Rachel is from the Húŋkpapȟa Standing Rock Sioux tribe and grew up in Rapid City, SD. Working under the Indian Child Welfare Act (ICWA) as an ICWA Guardian ad litem, Rachel advocates for native youth and cultural preservation in Minnesota. She is committed to keeping Native Youth out of the child protection system and is working on obtaining her Juris Doctorate in Native American law to support this mission further. She is passionate about Indigenous sovereignty rights, racial justice, advocating for the Indian Child Welfare Act, and Indigenous representation. Rachel has delivered speeches, keynote addresses, and presentations to many different organizations about diversity and inclusion. Additionally, Rachel earned the honor of becoming the first Indigenous Miss Minnesota and will be competing for the title of Miss America in December.
Most Requested Programs
Authentic Conversations around diversity, equity, and inclusion
As diversity, equity, and inclusion (DEI) have become more standardized and desired in the work place, getting the diversity added often becomes a box to be checked. However, as a Lakota woman and a person from a diverse background, I know that diversity cannot be contained with a box and we must go beyond the standard of diversity in order to create authentic connections and change.
Journey to becoming the first Indigenous Miss Minnesota
Having been involved with the Miss America Organization from the age of 13, I never saw anyone that looked like me, represented me, or my Indigenous communities. Today, I’ve carved a path within this national organization to become the first Indigenous Miss Minnesota is our 86-year history. I’ve learned important life lessons of determination, advocacy, and never giving up on a dream along the way and now share those lessons with thousands on my journey to Miss America.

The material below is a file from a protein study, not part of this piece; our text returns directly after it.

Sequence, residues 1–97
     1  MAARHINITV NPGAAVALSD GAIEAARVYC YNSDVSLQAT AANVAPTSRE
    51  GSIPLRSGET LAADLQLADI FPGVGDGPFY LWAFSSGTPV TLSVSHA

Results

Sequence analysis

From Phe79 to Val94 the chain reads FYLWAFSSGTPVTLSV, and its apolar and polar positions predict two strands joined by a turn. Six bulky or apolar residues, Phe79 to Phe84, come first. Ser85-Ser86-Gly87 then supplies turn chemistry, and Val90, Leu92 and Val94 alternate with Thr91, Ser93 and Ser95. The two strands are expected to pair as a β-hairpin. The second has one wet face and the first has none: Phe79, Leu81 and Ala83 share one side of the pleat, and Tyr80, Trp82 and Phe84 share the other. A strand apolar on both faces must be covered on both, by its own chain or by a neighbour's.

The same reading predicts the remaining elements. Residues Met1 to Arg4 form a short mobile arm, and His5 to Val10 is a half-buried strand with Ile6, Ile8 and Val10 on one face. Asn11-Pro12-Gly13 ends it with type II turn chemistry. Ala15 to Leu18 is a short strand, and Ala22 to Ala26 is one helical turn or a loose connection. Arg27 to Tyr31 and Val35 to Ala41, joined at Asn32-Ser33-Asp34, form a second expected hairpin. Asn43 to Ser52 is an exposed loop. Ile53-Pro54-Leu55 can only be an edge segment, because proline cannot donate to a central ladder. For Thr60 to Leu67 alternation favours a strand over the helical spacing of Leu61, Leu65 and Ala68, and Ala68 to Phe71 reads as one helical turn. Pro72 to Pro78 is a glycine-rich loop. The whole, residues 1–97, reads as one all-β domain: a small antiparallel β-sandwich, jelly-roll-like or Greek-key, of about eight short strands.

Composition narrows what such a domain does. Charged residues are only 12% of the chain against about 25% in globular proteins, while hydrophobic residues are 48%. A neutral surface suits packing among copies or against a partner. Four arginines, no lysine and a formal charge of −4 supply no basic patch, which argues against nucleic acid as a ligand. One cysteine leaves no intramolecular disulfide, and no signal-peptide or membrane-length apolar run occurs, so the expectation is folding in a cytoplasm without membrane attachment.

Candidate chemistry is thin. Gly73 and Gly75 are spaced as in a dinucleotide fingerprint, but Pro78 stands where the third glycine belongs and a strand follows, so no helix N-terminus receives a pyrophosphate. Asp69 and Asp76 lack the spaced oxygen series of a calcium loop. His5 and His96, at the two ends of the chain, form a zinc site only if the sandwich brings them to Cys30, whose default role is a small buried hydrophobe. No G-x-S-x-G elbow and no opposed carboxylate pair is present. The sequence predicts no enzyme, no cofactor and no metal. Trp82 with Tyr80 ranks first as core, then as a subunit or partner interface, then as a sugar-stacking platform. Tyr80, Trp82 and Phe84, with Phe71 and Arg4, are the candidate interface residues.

Women’s Leadership & Empowerment
On my journey to getting accepted into law school, becoming the first Indigenous Miss Minnesota, and lead ICWA Guardian ad litem, I have been supported and empowered by many women along the way. Indigenous communities function as a matriarchal society, where women are the decision makers and guides of their people. Today, I’ve been able to take lessons from many Matriarchs and use those lessons to empower others around me.
Celebrating Culture & Driving Diversity
Rachel’s social impact initiative as Miss Minnesota
“Across the land of the United States, there are 574 federally recognized Tribal Nations and more than 200 non-federally recognized Tribes, each with its own language, culture, and traditions. The Midwest encompasses 35 of those Nations, including my own, the Standing Rock Sioux Tribe. Growing up, the community narrative surrounding Native people was entirely negative, and I was constantly made to feel inadequate for my Indigenous features and brown skin. I still recall the first time a teacher called me an apple (red on the outside, white on the inside), and the comments “you have a beautiful skin tone for an Indian” reverberate in my mind today. Growing up in a community that saw Native people as inferior was challenging and led me to believe that I could only achieve so much because I am Indigenous. Today, I fully embrace who I am, a young Lakota woman who wants to celebrate our tribal nation’s cultures and foster a space for racial diversity engagement that is open to all. As Sheryl Sandberg writes, “We cannot change what we are not aware of, and once we are aware, we cannot help but change.” I will change the false narrative surrounding Native people to ensure that there is a future where every Indigenous child has the opportunity to succeed and not face the challenges I did. False narratives and Indigenous invisibility have harmful and long-term effects that normalize bias, discrimination, and racism. Ultimately, my own experiences and passion for cultural advocacy became my social impact initiative, Celebrating Culture & Driving Diversity.
The Blanket Exercise - Interactive Presentation
The Blanket Exercise is designed for groups of 6+ and can be adaptable to a number of people. This exercise was designed to provide an involved understanding of Indigenous History within the United States. Rachel has taken this exercise and adapted to Minnesota’s specific history with its eleven tribal nations. This exercise goes through deep dive of treaties, forced assimilation, boarding schools, the 60’s scoop, and the modern day foster care system. Participants gain an authentic perspective of Indigenous allyship and learn how they can be true allies and elevate diverse voices around them.